Durga Puja may be the world’s greatest street party. For five days, Kolkata completely shuts down to honor the Mother Goddess Durga and celebrate her victory over the evil buffalo demon Mahishashura.
Throughout the city, thousands of elaborate structures known as pandals are constructed to house larger-than-life idols of Durga slaying Mahishashura, flanked by her children Ganesh, Lakshmi, Saraswati and Karthik. Many artists spend all year coming up with themes for these pandals, which provide audiences with far more than a temporary temple – they transport visitors to other worlds with their captivating designs, from a typical Bengali village to Harry Potter’s Hogwarts.
Crowds fill the streets, hopping from pandal to pandal until the wee hours of the morning. This all-night revelry would of course not be possible without a little caffeine kick, and chai wallahs are happy to help, serving strong-brewed black milk tea, and occasionally lebu cha – black tea served with fresh squeezed lemon, sugar and black salt to give refreshing late-night boost. Many keep their stands open until 5 am. Chai wallahs fortunate enough to be based in communities with popular pandals can expect to sell hundreds, in some cases thousands of additional cups each night.
These entrepreneurs aren’t the only ones seeking to make a buck off the holiday. Indeed, Durga Puja has become increasingly commercialized in recent years. Streets are lined with themed billboards – as you wait in line to enter a pandal, you see Durga gabbing on a cell phone encouraging you to switch carriers or using a new laundry detergent: “Make this a whiter Durga Puja.”
The festive season has become an excuse for shopping, and the norm is to wear new clothes each night of the festival. Of course, the holiday’s recent history is rooted in conspicuous consumption. Pandals originated in the mid-eighteenth century as opportunities for the city’s elite to showcase their wealth with elaborate household pujas. This year, new saris and salwars were soaked as remnant rains from Cyclone Phailin poured down on the city.
But the downpour did not dampen spirits on the festival’s final night, Vijaya Dashami, when people march idols through the streets to be immersed into the Hooghly River, a tributary of the holy Ganges. Children blow noisemakers. Men dance in the streets following floats carrying colorful idols. Women laugh and throw sindhoor into crowds from trucks. As all of Kolkata comes out to send off their idols, the city takes on the feeling of Carnival in Rio or Mardi Gras in New Orleans, if perhaps with less flashing of body parts.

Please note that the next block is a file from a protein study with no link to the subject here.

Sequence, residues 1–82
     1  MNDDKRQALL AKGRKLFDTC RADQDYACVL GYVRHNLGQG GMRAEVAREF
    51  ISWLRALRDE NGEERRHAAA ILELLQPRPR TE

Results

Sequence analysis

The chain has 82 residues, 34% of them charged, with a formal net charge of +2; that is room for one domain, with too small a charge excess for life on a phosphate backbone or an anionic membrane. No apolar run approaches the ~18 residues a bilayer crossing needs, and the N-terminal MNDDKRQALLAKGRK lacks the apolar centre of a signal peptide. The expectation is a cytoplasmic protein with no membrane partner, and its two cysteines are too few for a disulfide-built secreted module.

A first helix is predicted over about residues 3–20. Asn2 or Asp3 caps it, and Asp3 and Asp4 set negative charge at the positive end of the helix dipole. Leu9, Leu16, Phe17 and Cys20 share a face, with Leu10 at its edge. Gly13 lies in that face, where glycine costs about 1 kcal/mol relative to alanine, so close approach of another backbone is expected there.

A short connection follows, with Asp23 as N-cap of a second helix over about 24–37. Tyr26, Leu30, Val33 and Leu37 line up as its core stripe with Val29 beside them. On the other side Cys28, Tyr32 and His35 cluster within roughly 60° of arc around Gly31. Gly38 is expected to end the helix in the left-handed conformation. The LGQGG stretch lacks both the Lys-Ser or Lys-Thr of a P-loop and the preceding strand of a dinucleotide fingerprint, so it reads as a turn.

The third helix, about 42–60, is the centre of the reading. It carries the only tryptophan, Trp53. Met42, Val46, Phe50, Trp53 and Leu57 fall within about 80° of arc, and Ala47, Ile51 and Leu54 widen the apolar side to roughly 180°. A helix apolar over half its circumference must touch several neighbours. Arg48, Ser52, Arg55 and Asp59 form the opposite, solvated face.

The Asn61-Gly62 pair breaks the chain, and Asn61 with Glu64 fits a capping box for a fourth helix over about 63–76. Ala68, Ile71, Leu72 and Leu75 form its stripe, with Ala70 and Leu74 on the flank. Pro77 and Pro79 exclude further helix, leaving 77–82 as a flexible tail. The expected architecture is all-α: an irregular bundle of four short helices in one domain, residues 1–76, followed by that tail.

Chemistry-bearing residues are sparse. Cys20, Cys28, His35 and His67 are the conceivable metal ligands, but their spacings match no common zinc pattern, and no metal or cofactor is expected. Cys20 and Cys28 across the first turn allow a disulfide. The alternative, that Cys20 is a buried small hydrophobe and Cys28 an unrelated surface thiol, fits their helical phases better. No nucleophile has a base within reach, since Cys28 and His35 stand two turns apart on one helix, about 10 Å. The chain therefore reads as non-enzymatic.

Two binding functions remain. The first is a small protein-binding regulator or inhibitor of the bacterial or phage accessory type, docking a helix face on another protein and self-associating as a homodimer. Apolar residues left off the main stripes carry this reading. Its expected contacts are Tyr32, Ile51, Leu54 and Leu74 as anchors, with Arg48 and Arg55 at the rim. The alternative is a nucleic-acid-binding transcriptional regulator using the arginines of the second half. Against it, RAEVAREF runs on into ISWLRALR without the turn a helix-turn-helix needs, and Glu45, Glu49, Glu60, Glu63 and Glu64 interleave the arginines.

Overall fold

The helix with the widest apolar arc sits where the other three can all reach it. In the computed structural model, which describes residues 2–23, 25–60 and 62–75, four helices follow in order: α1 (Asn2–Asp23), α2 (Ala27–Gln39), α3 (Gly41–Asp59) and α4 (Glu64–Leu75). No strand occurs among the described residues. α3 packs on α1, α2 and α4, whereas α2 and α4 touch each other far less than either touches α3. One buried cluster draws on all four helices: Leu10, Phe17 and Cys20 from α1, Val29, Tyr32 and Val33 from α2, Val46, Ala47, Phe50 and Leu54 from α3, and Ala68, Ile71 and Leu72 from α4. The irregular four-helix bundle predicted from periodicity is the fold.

Chai wallahs are there each step of the way. Joga and his wife Mongala typically sell chai, eggs and toast on the main thoroughfare of Bagh Bazaar in North Kolkata. But during the immersion – Bhashaan in Bengali – they move their stand to the riverside next to their home on the banks, just a few yards down from the ghat where the idols are released into the river. “Business is great during bhashaan,” Joga said. “Everyone comes to enjoy and celebrate the immersion of the idols. I get to watch it all from here.”
Joga usually sees great joy this time of year. But this year, the Bagh Bazaar Ghat has been witness to tragedy. As we sipped chai at Joga’s stand, news spread that a man had just drowned while performing the immersion ritual. He had likely been tangled in the ropes used to lower the idol, then pulled down by the forceful current of the Hooghly.
The scene of celebration quickly turned grave. Colorfully dressed women from the victim’s family – packed into the back of a truck where just moments earlier they had been dancing and laughing – broke down and cried to the sky. A boy screamed over and over for his father: “Baba!”
Emotions wavered between grief and anger. Family members yelled at policemen for their failure to prepare for the situation. These sorts of accidents are common, but no emergency boats had been patrolling the waters. A small wooden rowboat was deployed, from which a policeman in a white uniform supervised two volunteer divers, neither wearing goggles or any diving equipment.
After an hour of waiting, a rumor went up in the crowd that the drowned man had been found and he was alive. It seemed a very cruel emotional roller coaster to send his family on. The throng remained packed tight around the steps leading down to the ghat, people pushing one another to scan the murky river for signs of a body.
We left the family to their grief and walked along the train tracks to another ghat just five minutes away. There we found revelry a world away from the tragic scene we had left behind, as men shouted “Bolo Durga Mai Ki!” and carried idols down slippery steps, releasing them into the river.
The next morning, we learned the drowning victim’s body had been found at a ghat down the river. The man, Sukumar Kanshabanik, was 25 years old.